Visual artist and photographer Charlie White is known for his unsettling but poignant explorations of American life. His 2001 series “Understanding Joshua” probed self-loathing and detachment through the eyes of a grotesque character. 2006’s “Everything is American” added a touch of pathos to cultural touchstones such as the iconic understanding of primitive man.
One of the joys of summer is stepping out into the backyard or balcony and snipping a few leaves of fresh herbs or greens and adding them to dinner. Then winter comes and destroys all of the plant-growing fun. But if one local entrepreneur has his way, city-dwellers will be growing healthy food year-round in their homes. Aamar Khwaja is the founder of Modgarden, a modular indoor farming system, and his mission is to enable people to produce enough food to yield a salad a day.
Principles of interconnectedness and interactivity were the guiding forces for the jury of the Cyber Lions in Cannes, said jury president, Google Creative Lab executive creative director Iain Tait as Curators of Sweden from the Swedish Institute and Nike+ Fuelband from Nike and R/GA were revealed as the two Grand Prix winners for the category–in other words, the best digital marketing initiatives that the brand world has to offer.
Muck Rack makes it simple to find people, tweets, or articles that mention any name, keyword, company, hashtag etc. We've compiled this guide to help you make the most of your search.
Selecting a term
Start searching tweets, articles from media outlets, articles mentioned in tweets, journalists'
names, titles and bios with some suggested searches:
Companies or Topics (e.g. iPhone, Microsoft)
Phrases (e.g. "cloud computing") — use quotes to keep the terms together
Twitter handles (e.g. @username) — returns those who have mentioned or replied to
Names (e.g. "David Pogue")
Hashtags (e.g. #sxsw, #london2012)
Bio details (e.g. vegan, Olympics, father)
Muck Rack's Advanced Search allows for many boolean operators.
Find results that mention multiple specified terms, use AND or
+. For example, ensure each result contains both Elon Musk and Mark Zuckerberg by
searching Musk AND Zuckerberg or Musk + Zuckerberg.
Use the operators OR or , to broaden your search when you'd like either of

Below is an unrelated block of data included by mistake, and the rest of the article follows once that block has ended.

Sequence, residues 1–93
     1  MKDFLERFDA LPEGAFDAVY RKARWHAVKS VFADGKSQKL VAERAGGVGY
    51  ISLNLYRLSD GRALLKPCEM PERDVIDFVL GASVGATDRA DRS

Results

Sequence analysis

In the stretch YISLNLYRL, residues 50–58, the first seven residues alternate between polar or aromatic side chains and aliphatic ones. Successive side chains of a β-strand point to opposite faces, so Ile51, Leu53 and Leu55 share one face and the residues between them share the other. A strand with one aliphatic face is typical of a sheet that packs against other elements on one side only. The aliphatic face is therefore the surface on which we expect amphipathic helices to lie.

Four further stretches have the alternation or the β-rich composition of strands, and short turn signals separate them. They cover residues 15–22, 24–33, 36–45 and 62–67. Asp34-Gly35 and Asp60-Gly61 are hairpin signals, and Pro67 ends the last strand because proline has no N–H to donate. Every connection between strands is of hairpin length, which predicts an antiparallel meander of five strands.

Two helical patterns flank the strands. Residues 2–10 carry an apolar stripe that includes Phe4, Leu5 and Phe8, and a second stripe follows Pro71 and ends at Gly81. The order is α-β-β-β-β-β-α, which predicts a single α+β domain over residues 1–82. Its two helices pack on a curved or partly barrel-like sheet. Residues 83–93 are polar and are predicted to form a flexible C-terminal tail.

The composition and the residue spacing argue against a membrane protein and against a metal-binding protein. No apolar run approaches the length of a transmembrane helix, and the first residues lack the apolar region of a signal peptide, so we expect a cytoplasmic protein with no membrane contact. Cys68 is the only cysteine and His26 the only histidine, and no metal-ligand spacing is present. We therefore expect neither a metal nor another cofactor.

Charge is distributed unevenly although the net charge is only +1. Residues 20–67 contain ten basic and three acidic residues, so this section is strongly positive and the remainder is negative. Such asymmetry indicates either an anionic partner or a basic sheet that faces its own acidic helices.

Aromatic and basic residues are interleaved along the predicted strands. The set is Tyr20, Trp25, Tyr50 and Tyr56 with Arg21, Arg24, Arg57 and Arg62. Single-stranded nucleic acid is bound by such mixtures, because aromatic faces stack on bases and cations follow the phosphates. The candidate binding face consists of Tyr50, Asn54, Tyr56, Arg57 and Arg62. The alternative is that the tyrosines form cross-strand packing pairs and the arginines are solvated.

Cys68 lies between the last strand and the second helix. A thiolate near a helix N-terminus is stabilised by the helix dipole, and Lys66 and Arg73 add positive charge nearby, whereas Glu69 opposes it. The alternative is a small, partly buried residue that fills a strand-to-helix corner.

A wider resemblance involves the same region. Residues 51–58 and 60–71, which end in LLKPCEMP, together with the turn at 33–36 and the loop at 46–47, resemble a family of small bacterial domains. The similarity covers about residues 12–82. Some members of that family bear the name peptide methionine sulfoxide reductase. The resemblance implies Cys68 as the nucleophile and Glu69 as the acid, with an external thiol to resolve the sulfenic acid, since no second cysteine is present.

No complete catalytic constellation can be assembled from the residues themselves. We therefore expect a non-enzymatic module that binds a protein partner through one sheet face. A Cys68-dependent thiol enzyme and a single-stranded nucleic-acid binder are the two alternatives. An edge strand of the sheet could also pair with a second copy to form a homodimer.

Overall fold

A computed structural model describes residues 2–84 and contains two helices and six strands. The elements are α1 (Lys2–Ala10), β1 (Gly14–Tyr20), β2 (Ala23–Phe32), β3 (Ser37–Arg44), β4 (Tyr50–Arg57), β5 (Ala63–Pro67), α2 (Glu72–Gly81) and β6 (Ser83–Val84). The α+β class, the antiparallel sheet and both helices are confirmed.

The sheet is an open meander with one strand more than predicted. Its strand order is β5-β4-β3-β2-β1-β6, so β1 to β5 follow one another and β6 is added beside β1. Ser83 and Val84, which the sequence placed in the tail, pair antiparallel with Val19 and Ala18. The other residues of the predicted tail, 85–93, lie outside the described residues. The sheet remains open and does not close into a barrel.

multiple terms to appear in results. (This is the default behavior of our search when no operators
are used). For example, results will contain either cake or cookie by searching cake OR cookie or cake,cookie
Use NOT or - to subtract results from your search. For
example, searching Disney will yield results about the Walt Disney Company as well as Walt Disney
World Resort. To exclude mentions of Disney World, search for Disney -World or Disney
When using one of these operators with a phrase, enclose it in quotation marks. For example, you can
find results about smartphones excluding Apple's iPhone 4S by searching smartphone -"iPhone
Exact case matching or punctuation
If you're searching for a brand name or keyword that relies on specific punctuation marks or capitalization, you can
find results that match your exact query by adding matchcase: before the keyword you're searching for, like matchcase:E*TRADE .
Use parentheses to separate multiple
boolean phrases. For example, to find journalists talking about having fun in Disney World or
Disneyland, search for ("disney world" OR disneyland) AND fun.
An asterisk can be used to search for any variation of a root word truncated by the asterisk. For example, searching for admin* will return results for administrator, administration, administer, administered, etc.
A near operator is an AND operator where you can control the distance between the words. You can vary the distance the near operation uses by adding a forward slash and number (between 0-99) such as strawberries NEAR/10 "whipped cream", which means the strawberries must exist within 10 words of "whipped cream".